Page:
Off With Her Shoes (Part 1 of the 3 Part Series on Transitioning to Hoof Boots)
A while back my wife Julia and I pulled the steel horseshoes on her pony Pie’s front feet. I thought you’d be interested how we’re transitioning her (Pie, not Julia) to bare feet. From here on out, she’ll go barefoot. For extra protection Pie might need on rocky trails or abrasive surfaces like asphalt, we’ll slap on a pair of hoof boots.
Pulling Pie’s Shoes
It’s easiest for me to just show you photos of how I removed Pie’s shoes so here goes.
The Case For Going Barefoot
In the last 15 years, I have traveled over 9,000 miles on my mule and horse journeys with hoof boots instead of steel shoes. My barefoot journeys include:
- Atlantic to Pacific saddle journey with mule Woody and pony Maggie. You can read the account of this voyage in “Too Proud to Ride a Cow” and “Woody and Maggie Walk Across America”, found in the RiverEarth.com General Store.
- Canada to Mexico wagon voyage with mule Polly. You can watch the “Lost Sea Expedition” documentary about this journey on Amazon or order the DVD in the RiverEarth.com General Store.
- Across Newfoundland wagon voyage with mule Polly.
- North Carolina to Virginia and back on saddle mules with Julia.
That doesn’t count the hundreds of additional miles pleasure riding and driving since 2004 when I transitioned from steel shoes to hoof boots.
There are lots of reason why people choose to let their horses and mules go barefoot. A few of mine are:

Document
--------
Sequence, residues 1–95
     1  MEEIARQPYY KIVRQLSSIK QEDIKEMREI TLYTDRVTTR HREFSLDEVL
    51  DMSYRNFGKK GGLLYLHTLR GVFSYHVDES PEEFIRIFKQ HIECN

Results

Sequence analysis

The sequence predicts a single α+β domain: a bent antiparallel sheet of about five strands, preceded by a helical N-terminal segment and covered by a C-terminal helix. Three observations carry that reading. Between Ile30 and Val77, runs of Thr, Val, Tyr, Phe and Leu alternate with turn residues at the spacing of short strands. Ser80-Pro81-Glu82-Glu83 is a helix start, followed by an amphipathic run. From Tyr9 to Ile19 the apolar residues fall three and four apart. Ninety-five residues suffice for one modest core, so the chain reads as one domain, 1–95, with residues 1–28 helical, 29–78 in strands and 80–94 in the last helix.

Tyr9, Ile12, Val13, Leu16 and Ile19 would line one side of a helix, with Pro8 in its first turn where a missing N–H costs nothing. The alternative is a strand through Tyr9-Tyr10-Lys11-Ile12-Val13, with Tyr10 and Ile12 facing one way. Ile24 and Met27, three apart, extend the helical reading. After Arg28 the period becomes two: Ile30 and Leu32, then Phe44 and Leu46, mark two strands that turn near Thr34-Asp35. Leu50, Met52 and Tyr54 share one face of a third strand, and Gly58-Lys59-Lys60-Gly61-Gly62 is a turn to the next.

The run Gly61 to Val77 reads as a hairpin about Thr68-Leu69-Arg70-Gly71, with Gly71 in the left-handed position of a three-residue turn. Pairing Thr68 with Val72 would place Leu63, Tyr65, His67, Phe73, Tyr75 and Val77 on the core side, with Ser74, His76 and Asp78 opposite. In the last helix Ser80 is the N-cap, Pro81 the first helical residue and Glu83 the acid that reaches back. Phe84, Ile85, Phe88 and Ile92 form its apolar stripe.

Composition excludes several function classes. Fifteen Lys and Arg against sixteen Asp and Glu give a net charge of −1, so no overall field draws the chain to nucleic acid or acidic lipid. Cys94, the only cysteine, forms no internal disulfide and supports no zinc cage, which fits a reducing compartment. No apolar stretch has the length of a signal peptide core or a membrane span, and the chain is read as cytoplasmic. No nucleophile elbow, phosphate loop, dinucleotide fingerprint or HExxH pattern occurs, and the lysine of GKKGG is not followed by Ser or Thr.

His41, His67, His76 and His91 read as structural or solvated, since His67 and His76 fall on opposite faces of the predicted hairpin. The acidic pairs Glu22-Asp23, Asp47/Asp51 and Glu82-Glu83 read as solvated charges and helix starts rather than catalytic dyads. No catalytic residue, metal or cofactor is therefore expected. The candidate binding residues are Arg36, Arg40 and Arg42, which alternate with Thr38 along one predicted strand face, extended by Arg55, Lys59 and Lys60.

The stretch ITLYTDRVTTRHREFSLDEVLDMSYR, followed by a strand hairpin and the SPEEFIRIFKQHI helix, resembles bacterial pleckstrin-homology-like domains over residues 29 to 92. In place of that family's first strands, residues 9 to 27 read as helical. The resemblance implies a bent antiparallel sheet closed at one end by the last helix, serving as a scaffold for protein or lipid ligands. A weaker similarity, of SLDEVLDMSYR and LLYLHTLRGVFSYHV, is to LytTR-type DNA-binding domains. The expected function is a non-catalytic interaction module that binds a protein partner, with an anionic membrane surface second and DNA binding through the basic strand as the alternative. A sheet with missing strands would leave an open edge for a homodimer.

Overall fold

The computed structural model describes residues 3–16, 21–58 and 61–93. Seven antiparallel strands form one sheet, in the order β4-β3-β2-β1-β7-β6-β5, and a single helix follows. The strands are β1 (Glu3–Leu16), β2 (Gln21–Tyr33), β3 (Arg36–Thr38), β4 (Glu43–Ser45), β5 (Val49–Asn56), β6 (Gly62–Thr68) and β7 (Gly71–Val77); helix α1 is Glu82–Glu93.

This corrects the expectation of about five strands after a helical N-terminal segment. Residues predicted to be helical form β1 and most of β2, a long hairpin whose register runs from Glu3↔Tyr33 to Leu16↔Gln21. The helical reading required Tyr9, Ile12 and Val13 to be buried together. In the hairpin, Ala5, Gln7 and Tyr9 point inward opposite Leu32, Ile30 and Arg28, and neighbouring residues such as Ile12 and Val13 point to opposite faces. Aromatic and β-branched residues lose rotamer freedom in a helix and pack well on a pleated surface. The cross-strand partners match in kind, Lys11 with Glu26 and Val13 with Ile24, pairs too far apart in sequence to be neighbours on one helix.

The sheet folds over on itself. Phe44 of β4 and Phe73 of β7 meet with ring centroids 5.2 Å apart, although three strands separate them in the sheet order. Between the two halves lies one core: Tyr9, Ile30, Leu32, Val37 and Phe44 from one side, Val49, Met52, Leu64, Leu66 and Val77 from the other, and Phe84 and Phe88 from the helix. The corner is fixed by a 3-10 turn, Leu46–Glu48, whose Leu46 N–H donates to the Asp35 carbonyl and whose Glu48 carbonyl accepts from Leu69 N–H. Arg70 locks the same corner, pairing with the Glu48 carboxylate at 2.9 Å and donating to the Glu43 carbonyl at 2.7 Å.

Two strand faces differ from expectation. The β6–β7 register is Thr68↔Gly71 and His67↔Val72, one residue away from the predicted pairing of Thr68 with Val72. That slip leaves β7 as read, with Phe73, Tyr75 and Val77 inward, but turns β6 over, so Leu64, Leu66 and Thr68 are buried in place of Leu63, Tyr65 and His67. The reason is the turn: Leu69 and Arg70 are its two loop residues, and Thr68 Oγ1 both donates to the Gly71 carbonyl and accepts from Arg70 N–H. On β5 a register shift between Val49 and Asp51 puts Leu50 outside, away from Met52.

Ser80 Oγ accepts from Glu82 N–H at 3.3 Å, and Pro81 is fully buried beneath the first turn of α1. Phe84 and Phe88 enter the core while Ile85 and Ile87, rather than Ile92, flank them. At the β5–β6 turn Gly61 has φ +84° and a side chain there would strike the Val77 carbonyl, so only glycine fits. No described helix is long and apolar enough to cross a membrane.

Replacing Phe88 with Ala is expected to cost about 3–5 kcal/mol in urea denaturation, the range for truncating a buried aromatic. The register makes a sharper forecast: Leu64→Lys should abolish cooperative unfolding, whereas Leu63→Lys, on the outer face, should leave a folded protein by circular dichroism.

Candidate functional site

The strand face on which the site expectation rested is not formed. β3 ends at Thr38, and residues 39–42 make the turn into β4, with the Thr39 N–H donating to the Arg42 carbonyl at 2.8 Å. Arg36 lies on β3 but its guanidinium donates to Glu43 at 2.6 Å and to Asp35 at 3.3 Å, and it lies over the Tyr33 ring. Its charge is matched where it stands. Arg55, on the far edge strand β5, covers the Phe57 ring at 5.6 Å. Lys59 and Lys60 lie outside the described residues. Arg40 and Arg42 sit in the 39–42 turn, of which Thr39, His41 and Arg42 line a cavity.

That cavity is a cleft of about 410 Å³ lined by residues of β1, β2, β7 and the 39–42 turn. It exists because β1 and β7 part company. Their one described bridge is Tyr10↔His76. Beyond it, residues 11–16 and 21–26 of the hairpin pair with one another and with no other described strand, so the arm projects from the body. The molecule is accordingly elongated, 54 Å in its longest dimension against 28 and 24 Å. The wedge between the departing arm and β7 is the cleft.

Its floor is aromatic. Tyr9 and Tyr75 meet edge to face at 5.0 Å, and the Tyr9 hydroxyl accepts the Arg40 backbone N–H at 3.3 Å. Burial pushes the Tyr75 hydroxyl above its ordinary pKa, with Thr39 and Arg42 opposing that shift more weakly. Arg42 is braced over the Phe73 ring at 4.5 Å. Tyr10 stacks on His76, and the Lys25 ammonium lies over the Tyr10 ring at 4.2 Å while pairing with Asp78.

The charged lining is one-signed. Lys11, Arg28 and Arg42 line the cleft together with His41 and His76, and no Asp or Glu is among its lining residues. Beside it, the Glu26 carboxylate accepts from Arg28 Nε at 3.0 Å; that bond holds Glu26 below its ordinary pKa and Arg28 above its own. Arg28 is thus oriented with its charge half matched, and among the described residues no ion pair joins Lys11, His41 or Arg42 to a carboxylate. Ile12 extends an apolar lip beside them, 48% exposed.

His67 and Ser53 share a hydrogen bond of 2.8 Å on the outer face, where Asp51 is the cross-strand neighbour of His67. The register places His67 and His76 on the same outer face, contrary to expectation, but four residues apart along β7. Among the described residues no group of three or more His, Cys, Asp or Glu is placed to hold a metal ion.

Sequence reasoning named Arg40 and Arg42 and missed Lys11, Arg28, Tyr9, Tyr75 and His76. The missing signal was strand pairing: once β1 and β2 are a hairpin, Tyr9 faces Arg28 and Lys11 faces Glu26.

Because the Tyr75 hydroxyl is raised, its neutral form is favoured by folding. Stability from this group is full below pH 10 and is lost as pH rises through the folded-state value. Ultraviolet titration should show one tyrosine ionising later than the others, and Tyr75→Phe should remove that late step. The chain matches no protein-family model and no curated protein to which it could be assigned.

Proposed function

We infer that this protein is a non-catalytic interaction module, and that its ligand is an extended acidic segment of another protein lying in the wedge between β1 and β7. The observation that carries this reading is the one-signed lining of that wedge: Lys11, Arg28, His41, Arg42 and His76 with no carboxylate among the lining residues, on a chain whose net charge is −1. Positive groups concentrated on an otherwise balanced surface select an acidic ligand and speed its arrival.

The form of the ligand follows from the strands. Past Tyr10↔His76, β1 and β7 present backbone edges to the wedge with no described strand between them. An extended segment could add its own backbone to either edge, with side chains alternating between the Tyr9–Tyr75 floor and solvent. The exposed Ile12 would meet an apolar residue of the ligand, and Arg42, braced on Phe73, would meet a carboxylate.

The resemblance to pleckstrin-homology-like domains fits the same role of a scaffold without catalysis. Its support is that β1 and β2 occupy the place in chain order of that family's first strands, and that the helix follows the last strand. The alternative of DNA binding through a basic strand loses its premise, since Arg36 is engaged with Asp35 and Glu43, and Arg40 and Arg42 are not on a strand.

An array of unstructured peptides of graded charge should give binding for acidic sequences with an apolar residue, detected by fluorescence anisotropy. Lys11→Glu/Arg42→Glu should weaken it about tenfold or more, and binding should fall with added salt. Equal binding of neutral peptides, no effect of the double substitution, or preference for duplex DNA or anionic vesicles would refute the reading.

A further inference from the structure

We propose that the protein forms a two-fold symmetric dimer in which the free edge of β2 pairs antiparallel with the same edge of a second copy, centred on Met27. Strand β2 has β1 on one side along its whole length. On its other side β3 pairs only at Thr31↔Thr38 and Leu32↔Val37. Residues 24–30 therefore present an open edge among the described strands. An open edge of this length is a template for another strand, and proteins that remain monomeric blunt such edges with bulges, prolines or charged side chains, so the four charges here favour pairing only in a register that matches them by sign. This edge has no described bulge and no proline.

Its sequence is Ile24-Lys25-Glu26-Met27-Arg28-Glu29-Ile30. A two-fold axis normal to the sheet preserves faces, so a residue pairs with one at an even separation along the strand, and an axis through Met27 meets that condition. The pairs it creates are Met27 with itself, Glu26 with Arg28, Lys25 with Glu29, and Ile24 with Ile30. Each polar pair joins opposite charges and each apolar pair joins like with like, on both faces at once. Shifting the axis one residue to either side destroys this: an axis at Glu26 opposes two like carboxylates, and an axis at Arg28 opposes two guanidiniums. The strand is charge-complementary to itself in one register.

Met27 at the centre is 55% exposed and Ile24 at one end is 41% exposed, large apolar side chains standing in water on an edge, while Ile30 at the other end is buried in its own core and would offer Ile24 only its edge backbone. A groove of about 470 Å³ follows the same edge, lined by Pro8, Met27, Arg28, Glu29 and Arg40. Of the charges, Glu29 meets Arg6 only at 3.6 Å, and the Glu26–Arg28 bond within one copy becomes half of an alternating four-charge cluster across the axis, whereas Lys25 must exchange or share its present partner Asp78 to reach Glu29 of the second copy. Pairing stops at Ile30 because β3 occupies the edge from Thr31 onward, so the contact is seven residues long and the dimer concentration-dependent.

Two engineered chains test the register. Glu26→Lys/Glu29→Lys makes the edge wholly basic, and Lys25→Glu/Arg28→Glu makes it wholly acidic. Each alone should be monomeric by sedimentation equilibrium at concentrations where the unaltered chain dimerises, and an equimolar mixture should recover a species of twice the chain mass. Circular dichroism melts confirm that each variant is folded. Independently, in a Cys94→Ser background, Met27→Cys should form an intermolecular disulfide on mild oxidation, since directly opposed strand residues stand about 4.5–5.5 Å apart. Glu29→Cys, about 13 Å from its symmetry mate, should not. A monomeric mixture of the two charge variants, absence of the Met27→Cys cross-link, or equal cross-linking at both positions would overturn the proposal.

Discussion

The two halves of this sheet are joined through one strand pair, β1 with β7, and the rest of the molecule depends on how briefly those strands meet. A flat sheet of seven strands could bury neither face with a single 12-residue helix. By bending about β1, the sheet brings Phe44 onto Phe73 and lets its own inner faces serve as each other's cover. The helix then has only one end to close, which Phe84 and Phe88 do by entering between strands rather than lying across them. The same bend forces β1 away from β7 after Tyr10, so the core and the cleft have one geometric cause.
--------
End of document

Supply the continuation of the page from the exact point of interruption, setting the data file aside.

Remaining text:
- It allows the foot to act as the blood pump that it is. Every time a horse places weight on one of its feet, it expands, especially the back end of it, the end opposite the toe. When the horse lifts the foot, the hoof contracts. In addition, the frog, the triangular structure at the back of the hoof, pushes up and down when it makes contact with the ground. This in-and-out and up-and-down pumping action is vital for circulation. Steel shoes can restrict that 4-way action.
- It allows me to trim my mounts’ feet. I was never great at nailing on horse shoes but with a bit of coaching have become comfortable trimming my animals’ feet. My go to source is Pete Ramey’s “Making Natural Hoof Care Work for You”.
- It feels better for the horse. Do you wear shoes to bed? No, your horse or mule probably doesn’t want to either.
Read the Rest of This Series
Next Post: Back on With Her Shoes
I’ve always enjoyed transitioning horses and mules from steel shoes to bare feet. In my next post, I’ll explain how we fitted Pie with hoof boots. For a really detailed review of the 3 kinds of hoof boots Julia and I have used check out the Hoof Boot Report.
Julia and the New Book
Big thanks to Julia who helped with photos. You can read more about her travels and her pony Pie on her ConsideringAnimals.com blog.
Right now I’m deep in to the second draft of my next book about my mule journey from North Carolina to Idaho with my mules Brick and Cracker. In addition to lots of adventure and interesting folks, I cover lots of long distance riding techniques including bare foot hoof care. I’d be happy to give you a heads up when it comes out. Just sign up for the RiverEarth.com Newsletter . That’s right here.
Carpe cavallo y’all!